Vendors displaced by Super Bowl City may get reimbursed

San Francisco Supervisor Aaron Peskin introduced two ordinances on Tuesday that would help reimburse street artists and food vendors who were displaced by Super Bowl City.

Peskin said the first ordinance would establish a Super Bowl 50 Impact Fund. The second ordinance would appropriate $100,000 to that fund.

“I think that we should show that we take care of our street artists, our street vendors, our shoe shine guy and put our money where our mouth is,” Peskin said. “To be clear, the $100,000 appropriation that is being introduced today comes from the City of San Francisco’s General Fund Reserve.”

Peskin said he is waiting on a final report from the city controller to determine how much money was made during Super Bowl week. He hopes to take some of that money and apply it to the fund to help additional small merchants. He hasn’t ruled out the possibility the NFL or Super Bowl Host Committee could make additional contributions to the city.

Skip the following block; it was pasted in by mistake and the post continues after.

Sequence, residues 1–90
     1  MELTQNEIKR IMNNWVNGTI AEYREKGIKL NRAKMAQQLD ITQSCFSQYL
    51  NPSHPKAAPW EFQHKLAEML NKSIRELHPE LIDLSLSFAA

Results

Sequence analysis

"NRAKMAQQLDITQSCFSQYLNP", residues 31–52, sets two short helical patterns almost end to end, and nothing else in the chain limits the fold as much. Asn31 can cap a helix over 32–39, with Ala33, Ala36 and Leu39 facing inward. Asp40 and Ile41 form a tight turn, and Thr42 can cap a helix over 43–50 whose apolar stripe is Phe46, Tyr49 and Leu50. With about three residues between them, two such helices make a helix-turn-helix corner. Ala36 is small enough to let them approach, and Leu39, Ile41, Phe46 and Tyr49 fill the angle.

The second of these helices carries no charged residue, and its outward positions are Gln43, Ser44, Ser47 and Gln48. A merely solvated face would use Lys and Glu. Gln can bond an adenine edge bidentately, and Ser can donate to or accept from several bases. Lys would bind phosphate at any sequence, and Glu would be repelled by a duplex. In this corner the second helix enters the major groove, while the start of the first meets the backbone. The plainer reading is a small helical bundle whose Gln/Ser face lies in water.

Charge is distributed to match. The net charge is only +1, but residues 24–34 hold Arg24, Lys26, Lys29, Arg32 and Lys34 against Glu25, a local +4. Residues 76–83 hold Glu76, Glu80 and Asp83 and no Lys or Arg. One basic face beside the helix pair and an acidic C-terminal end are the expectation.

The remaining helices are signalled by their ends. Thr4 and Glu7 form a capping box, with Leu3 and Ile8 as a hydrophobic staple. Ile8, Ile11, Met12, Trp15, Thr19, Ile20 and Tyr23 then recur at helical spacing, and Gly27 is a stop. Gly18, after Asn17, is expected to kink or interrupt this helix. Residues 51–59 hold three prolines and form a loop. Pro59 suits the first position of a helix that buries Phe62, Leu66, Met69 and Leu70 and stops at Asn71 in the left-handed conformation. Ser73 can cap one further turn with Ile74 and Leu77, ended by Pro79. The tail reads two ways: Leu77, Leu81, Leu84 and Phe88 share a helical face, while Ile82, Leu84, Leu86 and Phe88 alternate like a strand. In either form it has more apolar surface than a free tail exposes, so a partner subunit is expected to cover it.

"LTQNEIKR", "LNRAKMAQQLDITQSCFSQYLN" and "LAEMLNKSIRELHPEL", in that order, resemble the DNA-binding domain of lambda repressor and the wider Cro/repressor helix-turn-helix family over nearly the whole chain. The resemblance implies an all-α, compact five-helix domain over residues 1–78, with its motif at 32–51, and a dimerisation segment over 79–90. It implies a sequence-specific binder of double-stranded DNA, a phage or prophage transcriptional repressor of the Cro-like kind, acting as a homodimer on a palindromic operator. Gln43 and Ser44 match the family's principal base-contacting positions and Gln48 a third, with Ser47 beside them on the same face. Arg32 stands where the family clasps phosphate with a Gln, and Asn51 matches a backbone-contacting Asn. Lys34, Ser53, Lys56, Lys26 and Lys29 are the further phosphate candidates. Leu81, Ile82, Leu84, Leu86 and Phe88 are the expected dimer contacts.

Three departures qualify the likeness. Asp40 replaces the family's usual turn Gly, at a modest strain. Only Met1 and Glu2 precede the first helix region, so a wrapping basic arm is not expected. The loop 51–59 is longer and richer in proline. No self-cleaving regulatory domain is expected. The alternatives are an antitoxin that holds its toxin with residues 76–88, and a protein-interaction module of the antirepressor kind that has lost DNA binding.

Street vendors were excited to hear they could possibly get reimbursed while they were displaced for a three week period. While Justin Herman Plaza is shut down, street vendors are able to participate in a daily lottery for 10 vendor spots on Market Street between Third and Fourth Streets.

“I think that’s excellent actually,” Mauricio Trabuco, a street vendor, said. “It’s wonderful if they do that.”          

Peskin said a vendor or artist would have to apply for the money and show they were adversely impacted by being displaced.

Wayne Bowens, known as shoe shiner “Famous Wayne,” was the only vendor allowed to keep his spot near the Hyatt Hotel throughout Super Bowl City.

“I made less money, but it was fun,” Bowens said. “Everybody’s got bills. I got to pay my little bills. I’d appreciate if it they cut me a check. I’d be very happy.”

The Board of Supervisors will likely vote on the ordinances in March.